CURRANT. (1) The dried seedless fruit of a variety of the grape-vine, Vitis vinifera, cultivated principally in Zante, Cephalonia and Ithaca, and near Patras, in the Morea (see Greece). Currants were brought originally from Corinth, whence their name; in the 13th and 14th centuries they were known as raisins de Corauntz. In the Ionian Islands the currant-vine is grown on the sides of the lower hills, or in the valleys, the grape-vine occupying the higher and less open and rich ground. Gypseous marls, or calcareous marls containing a little gypsum, are preferred to limestone soils, as they allow of deep penetration of the roots of the vines. The most favourable situations are those where a good supply of water can be obtained for the irrigation of the plantations. This is carried on from the end of October to the close of the year, after which all that is necessary is to keep the ground moist. The vines are planted in rows 3 or 4 ft. apart. Propagation is effected by grafting on stocks of the grape-vine, or by planting out in spring the young, vigorous shoots obtained at the end of the previous year from old currant-vines that have been cut away below the ground. The grafts bear fruit in three years, the slips in about double that time. The vine stock for grafting is cut down to the depth of a foot below the surface of the soil; two or three perpendicular incisions are made near the bark with a chisel; and into these are inserted shoots of the last year’s growth. The engrafted part then receives an application of moist marls, is wrapped in leaves and bound with rushes, and is covered with earth, two or three eyes of the shoots being left projecting above ground. In December the currant plantations are cleared of dead and weak wood. In February the branches are cut back, and pruned of median shoots, which are said to prevent the lateral ones proceeding from the same bud from bearing fruit. In order effectually to water the trees, the earth round about them is in February and March hoed up so as to leave them in a kind of basin, or is piled up against their stems. In March, when the leaves begin to show, the ground is thoroughly turned, and if requisite manured, and is then re-levelled. By the middle of April the leaves are fully out, and in June it is necessary to break back the newly-formed shoots. The fruit begins to ripen in July, and in the next month the vintage takes place. At this season rain is greatly dreaded, as it always damages and may even destroy the ripe fruit. The plantations, which are commonly much exposed, are watched by dogs and armed men. In Cephalonia the currant-grape is said to ripen at least a week earlier than in Zante. To destroy the oïdium, a fungal pest that severely injures the plantations, the vines are dusted, at the time the fruit is maturing, with finely-ground brimstone. The currants when sufficiently ripe are gathered and placed on a drying ground, where they are exposed to the sun in layers half an inch thick; from time to time they are turned and swept into heaps, until they become entirely detached from stalk. They are then packed in large butts for exportation. The wine made from the currant-grape is inferior in quality, but is said to be capable of much improvement. The fresh fruit is luscious and highly flavoured, but soon cloys the palate.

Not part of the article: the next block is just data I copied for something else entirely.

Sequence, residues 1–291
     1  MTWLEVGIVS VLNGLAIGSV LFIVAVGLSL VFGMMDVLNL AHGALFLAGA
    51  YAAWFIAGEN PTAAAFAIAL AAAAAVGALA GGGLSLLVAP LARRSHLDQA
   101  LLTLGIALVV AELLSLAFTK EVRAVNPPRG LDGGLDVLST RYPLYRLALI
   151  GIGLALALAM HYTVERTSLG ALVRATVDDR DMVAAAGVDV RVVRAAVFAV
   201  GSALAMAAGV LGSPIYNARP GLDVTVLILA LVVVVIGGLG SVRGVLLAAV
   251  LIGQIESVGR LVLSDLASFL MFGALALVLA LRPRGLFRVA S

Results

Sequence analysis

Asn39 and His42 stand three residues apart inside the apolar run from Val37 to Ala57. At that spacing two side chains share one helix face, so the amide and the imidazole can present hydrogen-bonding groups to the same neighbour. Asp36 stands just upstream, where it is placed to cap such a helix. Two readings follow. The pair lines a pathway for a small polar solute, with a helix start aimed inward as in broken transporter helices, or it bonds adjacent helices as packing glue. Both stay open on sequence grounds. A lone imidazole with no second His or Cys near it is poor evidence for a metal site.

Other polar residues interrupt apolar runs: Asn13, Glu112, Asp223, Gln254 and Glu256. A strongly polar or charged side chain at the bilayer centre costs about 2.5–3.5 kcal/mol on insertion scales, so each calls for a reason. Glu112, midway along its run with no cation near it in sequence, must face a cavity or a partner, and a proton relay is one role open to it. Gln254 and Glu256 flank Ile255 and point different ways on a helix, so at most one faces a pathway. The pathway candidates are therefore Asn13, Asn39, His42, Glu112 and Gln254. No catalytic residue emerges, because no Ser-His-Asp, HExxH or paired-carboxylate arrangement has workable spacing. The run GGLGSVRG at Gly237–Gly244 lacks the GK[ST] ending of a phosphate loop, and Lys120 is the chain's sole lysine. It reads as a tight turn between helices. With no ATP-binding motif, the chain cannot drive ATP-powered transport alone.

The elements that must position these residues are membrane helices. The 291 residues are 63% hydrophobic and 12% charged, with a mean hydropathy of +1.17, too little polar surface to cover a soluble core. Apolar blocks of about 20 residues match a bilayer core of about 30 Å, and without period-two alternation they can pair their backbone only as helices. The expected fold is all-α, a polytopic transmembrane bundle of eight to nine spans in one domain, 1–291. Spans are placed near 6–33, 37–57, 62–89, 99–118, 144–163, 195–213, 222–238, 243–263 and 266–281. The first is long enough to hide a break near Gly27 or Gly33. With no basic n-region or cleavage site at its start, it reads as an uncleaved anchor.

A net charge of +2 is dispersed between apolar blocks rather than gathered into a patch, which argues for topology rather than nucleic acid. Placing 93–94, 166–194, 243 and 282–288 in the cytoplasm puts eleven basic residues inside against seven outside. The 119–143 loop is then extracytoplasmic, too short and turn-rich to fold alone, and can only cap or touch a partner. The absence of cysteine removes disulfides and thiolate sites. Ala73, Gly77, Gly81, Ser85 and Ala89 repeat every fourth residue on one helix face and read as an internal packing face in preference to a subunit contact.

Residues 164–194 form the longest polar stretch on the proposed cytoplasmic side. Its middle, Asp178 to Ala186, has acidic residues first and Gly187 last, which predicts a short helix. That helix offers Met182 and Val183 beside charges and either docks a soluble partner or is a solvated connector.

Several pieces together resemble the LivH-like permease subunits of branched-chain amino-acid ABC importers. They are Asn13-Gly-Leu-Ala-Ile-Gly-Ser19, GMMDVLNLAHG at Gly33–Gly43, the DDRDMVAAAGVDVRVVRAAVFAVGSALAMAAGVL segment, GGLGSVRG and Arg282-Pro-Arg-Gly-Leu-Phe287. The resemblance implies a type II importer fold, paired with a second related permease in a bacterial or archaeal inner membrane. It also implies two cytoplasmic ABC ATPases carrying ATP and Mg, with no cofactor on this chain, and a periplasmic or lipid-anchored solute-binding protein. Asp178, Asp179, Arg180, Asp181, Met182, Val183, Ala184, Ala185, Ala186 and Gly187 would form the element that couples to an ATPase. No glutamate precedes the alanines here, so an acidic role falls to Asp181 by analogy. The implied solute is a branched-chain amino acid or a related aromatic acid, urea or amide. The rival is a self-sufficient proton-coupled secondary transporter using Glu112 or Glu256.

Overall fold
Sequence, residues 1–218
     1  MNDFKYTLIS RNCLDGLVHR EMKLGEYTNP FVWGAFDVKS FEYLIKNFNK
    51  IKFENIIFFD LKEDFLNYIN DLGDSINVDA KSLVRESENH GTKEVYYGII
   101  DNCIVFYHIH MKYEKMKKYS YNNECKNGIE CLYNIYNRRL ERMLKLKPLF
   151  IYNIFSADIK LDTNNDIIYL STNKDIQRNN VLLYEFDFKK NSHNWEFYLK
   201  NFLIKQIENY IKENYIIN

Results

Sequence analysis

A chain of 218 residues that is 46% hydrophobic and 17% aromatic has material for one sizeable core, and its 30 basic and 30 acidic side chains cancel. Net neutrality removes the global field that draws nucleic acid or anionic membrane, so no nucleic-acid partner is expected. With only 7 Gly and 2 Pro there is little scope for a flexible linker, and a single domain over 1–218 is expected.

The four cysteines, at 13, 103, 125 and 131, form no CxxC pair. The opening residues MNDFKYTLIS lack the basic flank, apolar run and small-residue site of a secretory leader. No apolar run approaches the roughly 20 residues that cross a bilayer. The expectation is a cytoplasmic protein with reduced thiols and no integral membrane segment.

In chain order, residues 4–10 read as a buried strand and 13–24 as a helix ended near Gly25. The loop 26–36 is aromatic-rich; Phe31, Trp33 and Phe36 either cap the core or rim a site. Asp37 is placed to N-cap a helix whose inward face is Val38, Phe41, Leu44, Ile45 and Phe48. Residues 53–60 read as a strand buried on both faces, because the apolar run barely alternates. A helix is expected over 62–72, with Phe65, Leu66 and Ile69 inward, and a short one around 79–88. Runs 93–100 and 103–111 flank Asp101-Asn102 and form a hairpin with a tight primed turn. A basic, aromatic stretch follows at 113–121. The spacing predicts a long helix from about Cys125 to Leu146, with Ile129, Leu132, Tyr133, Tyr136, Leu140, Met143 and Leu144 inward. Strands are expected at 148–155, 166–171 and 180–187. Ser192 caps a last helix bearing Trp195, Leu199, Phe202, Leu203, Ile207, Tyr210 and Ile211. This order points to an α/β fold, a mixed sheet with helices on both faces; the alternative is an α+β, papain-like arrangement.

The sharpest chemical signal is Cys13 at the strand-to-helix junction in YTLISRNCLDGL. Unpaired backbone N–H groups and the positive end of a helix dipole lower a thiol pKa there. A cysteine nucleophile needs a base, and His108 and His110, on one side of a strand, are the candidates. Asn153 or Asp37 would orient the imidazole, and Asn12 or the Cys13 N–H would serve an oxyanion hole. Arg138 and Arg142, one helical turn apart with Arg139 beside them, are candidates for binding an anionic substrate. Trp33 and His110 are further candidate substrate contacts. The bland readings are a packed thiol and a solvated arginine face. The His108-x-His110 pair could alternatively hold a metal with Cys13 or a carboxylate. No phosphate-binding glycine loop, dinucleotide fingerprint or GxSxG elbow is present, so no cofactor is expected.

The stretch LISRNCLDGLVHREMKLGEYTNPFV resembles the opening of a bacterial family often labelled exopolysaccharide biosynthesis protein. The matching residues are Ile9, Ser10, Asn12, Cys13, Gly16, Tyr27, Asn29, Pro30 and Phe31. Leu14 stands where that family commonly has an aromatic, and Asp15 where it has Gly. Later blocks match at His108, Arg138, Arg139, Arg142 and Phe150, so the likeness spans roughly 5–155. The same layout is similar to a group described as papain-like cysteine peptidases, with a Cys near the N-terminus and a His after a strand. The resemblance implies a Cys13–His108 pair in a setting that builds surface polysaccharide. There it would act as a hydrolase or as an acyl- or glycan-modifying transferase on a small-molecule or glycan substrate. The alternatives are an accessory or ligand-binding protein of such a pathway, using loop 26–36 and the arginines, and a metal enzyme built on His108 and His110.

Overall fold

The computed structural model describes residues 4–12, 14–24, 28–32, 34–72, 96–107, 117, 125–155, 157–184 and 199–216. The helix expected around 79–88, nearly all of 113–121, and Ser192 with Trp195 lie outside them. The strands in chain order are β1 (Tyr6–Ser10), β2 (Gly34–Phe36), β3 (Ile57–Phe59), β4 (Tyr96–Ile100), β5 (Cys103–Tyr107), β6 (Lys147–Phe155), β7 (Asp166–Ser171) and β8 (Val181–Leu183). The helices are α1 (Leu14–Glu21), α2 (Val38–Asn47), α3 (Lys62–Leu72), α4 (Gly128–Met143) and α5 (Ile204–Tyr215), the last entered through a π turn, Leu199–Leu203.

(2) The currants of British kitchen-gardens—so called from a resemblance to the foregoing—are the produce of Ribes nigrum and R. rubrum, deciduous shrubs of the natural order Ribesiaceae, indigenous to Britain, northern and central Europe, Siberia and Canada. The former species bears the black, the latter the red currant. White currants are the fruit of a cultivated variety of R. rubrum. Both red and black currants are used for making tarts and pies, jams, jellies and wine; the latter are also employed in lozenges, popularly supposed to be of value in relieving a sore throat, are occasionally preserved in spirits, and in Russia are fermented with honey to produce a strong liquor.

Currants will flourish in any fairly good soil, but to obtain large crops and fine fruit a good rich loam is desirable; with an annual dressing of farmyard manure or cowdung, after the winter pruning, for established trees. The plants are best propagated by cuttings, which should consist of strong well-ripened young shoots taken off close to the old wood. These should be planted as soon as possible after the wood is matured in autumn about 6 in. apart. The plants are grown with the best results as bushes, but may also be trained against a wall or trellis. In the matter of pruning it must be borne in mind that red and white currants form their fruit buds on wood two to three years old, and the main shoots and side branches may therefore be cut back. Black currants on the other hand form fruit buds on the new wood of the previous year, hence the old wood should be cut away and the young left.

The black currant is subject to the attacks of a mite, Phytoptus ribis, which destroys the unopened buds. The buds, when attacked, recognized by their swollen appearance, should be picked off and burned. The attacks of the caterpillars of the gooseberry and other moths may be met by dusting the bushes with lime and soot when the plants are moist with dew or after syringing.

The following forms are recommended for cultivation:—Black: Lee’s Prolific, Baldwin’s or Carter’s Champion and Black Naples; Red: Cherry, Raby Castle, Red Dutch and Comet; White: White Dutch. A kind of black currant (Ribes magellanicum), bearing poor and acid fruit, is indigenous to Tierra del Fuego.

CURRICLE (Lat. curriculum, a small car), a light two-wheeled vehicle, generally for driving with two horses.